Wednesday, August 19, 2015
El Niño and Global Warming are Locked in a Feedback Loop
The record breaking heat we experienced in July 2015 is being attributed to a building El Niño event. In August the ocean surface temperatures in the equatorial Pacific were already 3 degrees Celsius above the long term average temperatures.
Although El Niño is already pronounced it is strongest between December and February. NOAA and many others project that the current El Niño will keep growing stronger and become one of the biggest on record. This means that the warming effect of El Niño will peak in the winter and last into the spring of 2016. What some are describing as the strongest El Niño in a half century will likely make 2015 the warmest year in recorded history.
Every five years or so a shift in the wind causes warmer sea surface temperatures in the equatorial Pacific. Cooler ocean surface temperatures equatorial Pacific are called La Niña while the warmer El Niño Southern Oscillation is abbreviated as ENSO. These ocean temperatures in the central and eastern equatorial Pacific have a ripple effect on global weather patterns.
Historically we know that strong El Niño effects drive up temperatures. One of the hottest months of July and hottest years on record occurred in 1998 (the fourth warmest year on record). This is also a year that had an extremely strong El Niño. Similarly we saw a strong El Niño effect in 2010 which was the second warmest year on record.
El Niño events have a wide range of adverse climate impacts from drought to floods. They tend to increase the incidence of droughts in Australia, Indonesia, the Philippines, South Africa and Northeast Brazil. While the same El Niño events tend to produce flooding in southern California, the southern US, East equatorial Africa, western South America, and southeastern South America. They also increase the number of Pacific typhoons while reducing the number of Atlantic hurricanes.
El Niño events are associated with significant damage to infrastructure. In California alone an El Niño event in the late 90s cost $500 million.
Research reveals that El Niño and climate change influence one another. El Niño warms the world, but studies reveal that a warmer world also increases the likelihood of El Niño events. Heat is absorbed by the oceans so it should come as no surprise that there is a link between climate change and El Niño events.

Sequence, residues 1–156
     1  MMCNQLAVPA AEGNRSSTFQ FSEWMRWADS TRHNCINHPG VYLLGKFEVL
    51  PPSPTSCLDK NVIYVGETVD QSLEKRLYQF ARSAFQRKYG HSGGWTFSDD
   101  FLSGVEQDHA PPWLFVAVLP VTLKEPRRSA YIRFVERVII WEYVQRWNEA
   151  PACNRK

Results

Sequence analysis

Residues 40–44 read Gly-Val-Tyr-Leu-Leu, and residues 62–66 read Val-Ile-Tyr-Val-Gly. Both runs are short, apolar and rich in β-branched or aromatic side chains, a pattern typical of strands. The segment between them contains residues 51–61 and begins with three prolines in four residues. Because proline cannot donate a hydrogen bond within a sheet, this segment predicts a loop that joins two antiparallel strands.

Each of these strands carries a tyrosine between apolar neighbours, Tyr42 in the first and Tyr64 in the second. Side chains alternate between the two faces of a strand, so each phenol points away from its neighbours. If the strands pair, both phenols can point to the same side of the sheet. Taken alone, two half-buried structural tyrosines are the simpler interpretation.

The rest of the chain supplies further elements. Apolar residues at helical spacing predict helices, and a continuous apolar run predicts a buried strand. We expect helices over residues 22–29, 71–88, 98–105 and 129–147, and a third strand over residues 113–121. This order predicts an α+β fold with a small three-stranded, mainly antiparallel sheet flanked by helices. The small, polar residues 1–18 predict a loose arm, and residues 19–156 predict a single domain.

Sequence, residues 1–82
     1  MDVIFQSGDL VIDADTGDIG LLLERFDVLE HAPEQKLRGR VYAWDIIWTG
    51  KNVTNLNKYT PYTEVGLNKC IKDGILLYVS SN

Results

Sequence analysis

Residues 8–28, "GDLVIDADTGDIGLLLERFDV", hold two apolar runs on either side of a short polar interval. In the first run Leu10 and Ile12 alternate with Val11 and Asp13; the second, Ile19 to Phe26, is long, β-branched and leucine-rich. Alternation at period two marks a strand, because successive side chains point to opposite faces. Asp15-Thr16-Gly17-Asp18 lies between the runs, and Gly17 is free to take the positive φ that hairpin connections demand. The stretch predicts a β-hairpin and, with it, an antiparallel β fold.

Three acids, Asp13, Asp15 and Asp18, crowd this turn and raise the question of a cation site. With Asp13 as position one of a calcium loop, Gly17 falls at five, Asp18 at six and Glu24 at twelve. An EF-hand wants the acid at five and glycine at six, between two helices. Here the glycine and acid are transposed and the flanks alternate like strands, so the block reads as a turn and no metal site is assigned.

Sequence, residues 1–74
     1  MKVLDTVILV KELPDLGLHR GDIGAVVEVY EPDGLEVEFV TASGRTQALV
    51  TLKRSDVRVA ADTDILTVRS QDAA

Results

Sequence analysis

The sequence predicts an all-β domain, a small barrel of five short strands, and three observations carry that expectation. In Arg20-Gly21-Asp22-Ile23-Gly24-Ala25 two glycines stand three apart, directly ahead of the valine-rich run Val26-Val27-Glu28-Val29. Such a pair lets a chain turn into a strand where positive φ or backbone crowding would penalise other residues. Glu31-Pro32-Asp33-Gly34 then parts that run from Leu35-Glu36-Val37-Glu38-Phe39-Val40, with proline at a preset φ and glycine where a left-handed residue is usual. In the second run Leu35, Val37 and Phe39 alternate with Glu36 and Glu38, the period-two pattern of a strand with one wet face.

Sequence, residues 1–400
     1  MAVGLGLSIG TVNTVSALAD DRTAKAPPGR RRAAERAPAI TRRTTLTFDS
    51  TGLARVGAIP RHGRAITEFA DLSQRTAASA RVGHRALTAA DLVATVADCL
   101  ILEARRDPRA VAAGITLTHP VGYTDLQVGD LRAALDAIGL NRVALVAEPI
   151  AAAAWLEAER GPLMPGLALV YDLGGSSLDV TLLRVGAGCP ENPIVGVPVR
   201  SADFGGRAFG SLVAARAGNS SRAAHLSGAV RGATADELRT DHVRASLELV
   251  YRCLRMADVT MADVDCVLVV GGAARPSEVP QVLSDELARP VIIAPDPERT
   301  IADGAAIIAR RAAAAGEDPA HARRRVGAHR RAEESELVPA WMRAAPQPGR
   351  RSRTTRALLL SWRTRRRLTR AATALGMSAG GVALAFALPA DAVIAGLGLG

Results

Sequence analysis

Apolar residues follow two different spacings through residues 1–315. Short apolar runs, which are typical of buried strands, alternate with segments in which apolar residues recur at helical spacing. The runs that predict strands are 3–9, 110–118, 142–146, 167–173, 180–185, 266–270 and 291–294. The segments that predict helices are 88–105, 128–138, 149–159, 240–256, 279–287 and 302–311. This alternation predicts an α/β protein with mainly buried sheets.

We can expect rising temperatures to almost double the frequency of extreme El Niño events. A 2014 study published in Nature, titled, Increasing frequency of extreme El Niño events due to greenhouse warming, outlined the relationship between El Niño events and climate change.
The finding in the 2014 study was corroborated by a recent review of the scientific evidence on ENSO and climate change. The more recent study is titled "ENSO and greenhouse warming," and it concluded that El Niño events are expected to occur more frequently as the climate warms.
This means that failure to curtail greenhouse gas emissions will cause the earth to continue warming resulting in a doubling of extreme El Niño events. As explained by the studies author's, "ENSO-related catastrophic weather events are thus likely to occur more frequently with unabated greenhouse-gas emissions." More El Niño events will also increase the likelihood of more extreme La Niña events which cause dry winters in places like California and much of the western US.
"Each kind of extreme event will occur more often," lead researcher Wenju Cai, said in a Skype interview. "A huge La Niña would tend to cause big droughts in the southwest US, but El Niño will give you floods."
Researchers based their projections on "business as usual" with regard to climate change causing greenhouse gas emissions. However, if world governments take strong action on climate change, Cai suggests that extreme El Niños could be limited to about 30 percent.
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Globally 2012 is One of the Hottest Years on Record